In interviews with Ukrainian media, Pavel Koval, chairman of the European Parliament delegation for relations with Ukraine, said that the pact should be signed not in Vilnius in mid-November, but the next week in Kiev or Brussels.
However, Ukraine's relations with the EU are still not cordial enough. The bloc has not confirmed whether it will sign the agreement. Many EU member states are concerned about the slow pace of economic, legal and political reforms in Ukraine.
The conviction of Ukraine's former Prime Minister Yulia Tymoshenko is also a key stumbling-block for Ukraine to forge a closer partnership with the EU.
During his recent speech in parliament, EU enlargement commissioner Stefan Fuele emphasized that the union will not deliver an agreement to Ukraine on a silver platter, but will ask Kiev to meet all the specific criteria laid down by the 28-member bloc.
At the same time, the Ukrainian authorities promised within the next two months to remove all barriers for signing the document.
Ukrainian President Viktor Yanukovych said his country has all the instruments to fulfill all preconditions for sealing the pact.
The country's parliament speaker Volodymyr Rybak pledged that Kiev, before the summit in Vilnius, will work out new bills that are aimed at reforming the prosecutor's office, the judicial system and the electoral law.
Even if Ukraine fulfills all the preconditions for the partnership with Europe and the deals are signed, the post-Soviet country may face new challenges.
Entering a trade union with the EU will eliminate trade duties on around 90 percent of the goods traded between the two parties. It will give Ukraine opportunities to increase its exports.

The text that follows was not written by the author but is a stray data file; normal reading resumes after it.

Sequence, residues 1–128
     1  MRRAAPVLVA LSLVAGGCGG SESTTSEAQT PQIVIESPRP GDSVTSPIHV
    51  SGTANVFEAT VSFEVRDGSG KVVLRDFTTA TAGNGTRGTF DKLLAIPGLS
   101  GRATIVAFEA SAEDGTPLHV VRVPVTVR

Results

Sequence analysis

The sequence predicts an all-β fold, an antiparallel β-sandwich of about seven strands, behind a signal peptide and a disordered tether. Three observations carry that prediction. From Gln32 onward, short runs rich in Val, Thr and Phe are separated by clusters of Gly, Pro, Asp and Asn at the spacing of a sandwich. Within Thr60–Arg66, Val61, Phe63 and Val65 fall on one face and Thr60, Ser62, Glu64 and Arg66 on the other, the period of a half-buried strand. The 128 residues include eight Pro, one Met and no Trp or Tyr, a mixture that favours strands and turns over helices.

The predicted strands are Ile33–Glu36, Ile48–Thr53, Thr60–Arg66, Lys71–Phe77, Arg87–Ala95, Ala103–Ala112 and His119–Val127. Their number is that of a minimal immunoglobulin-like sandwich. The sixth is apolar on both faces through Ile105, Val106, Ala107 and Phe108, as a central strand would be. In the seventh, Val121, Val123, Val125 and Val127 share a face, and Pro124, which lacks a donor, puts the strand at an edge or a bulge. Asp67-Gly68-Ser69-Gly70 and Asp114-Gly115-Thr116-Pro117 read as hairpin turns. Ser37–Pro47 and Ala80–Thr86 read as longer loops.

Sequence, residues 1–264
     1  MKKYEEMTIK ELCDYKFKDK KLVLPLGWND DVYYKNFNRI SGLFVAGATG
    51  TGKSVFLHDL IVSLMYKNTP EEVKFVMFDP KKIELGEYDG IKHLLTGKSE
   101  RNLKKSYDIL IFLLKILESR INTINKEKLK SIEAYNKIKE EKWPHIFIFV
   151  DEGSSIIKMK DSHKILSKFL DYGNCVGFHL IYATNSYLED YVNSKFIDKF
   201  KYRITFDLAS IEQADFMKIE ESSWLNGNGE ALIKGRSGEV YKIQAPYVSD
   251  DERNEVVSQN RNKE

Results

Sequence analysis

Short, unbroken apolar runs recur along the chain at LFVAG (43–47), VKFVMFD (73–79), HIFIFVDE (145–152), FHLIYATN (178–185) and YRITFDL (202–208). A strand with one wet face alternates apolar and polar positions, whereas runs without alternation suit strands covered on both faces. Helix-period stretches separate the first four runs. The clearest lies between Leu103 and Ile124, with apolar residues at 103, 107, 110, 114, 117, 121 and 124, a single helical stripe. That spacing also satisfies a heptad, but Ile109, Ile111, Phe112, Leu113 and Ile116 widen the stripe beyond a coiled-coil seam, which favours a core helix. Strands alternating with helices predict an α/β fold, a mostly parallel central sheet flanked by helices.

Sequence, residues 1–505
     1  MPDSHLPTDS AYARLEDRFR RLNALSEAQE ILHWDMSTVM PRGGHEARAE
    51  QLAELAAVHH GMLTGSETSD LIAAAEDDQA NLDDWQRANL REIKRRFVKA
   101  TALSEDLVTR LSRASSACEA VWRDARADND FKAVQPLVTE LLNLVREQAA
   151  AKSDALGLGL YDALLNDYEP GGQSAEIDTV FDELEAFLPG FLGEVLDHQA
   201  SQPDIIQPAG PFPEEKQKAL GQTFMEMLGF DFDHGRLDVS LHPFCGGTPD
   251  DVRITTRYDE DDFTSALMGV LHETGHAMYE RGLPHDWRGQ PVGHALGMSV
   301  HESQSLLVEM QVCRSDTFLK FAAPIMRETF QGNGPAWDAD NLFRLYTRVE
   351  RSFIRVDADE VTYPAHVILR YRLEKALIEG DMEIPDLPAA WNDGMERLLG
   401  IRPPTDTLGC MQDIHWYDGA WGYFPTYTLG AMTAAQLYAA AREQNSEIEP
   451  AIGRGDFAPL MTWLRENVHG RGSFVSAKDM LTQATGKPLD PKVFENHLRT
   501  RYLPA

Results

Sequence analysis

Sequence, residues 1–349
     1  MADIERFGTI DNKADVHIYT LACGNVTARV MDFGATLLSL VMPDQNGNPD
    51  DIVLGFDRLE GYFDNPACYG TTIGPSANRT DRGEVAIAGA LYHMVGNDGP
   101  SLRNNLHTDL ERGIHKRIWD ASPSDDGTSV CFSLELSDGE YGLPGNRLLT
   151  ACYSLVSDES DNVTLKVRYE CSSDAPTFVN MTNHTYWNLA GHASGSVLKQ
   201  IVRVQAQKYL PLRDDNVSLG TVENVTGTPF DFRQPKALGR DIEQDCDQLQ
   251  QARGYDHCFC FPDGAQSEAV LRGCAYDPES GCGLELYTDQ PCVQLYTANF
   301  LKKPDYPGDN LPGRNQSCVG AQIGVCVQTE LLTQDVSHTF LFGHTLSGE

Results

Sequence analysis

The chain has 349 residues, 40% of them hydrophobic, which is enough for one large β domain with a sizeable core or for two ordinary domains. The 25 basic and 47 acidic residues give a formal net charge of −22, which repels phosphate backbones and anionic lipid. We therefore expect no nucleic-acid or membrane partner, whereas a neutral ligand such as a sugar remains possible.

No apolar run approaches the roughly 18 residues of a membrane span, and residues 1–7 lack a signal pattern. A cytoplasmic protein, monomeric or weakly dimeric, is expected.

According to the Ukrainian Economic Development and Trade Ministry, the potential trade surplus could reach 624 million U.S. dollars annually. The pact with the EU would also provide a powerful spur for foreign investment into the East European country.
The agreement will open Ukrainian market for affordable and high-quality goods from the European Union. It's no secret that many Ukrainian producers, unable to withstand the competition, will be forced out of the market.
In addition, Russia may adopt a series of protective measures to defend its markets should Kiev sign the document.
Moscow on Tuesday told Kiev that it would lose its "strategic partner" status if it signs the association agreement with the EU.
Ukrainian authorities are aware of the risks after Ukraine signs the agreement, and Kiev is trying to seek a compromise with Russia now.
While saying that political association and free trade with the EU is a "reality" that Russia should accept, Ukrainian Prime Minister Mykola Azarov said whatever the circumstances may be, his country wants to increase trade with Russia, its biggest single trading partner, in the future.
President Yanukovych has also expressed his readiness to further continue close cooperation with the CU and the Eurasian Economic Union, and to even join partial agreements existing within these blocs.
The top priority for the Ukrainian government is to find an acceptable approach for cooperation with both the EU and the Russia-led blocs before Moscow or Brussels takes the opportunity to decide Ukraine's future.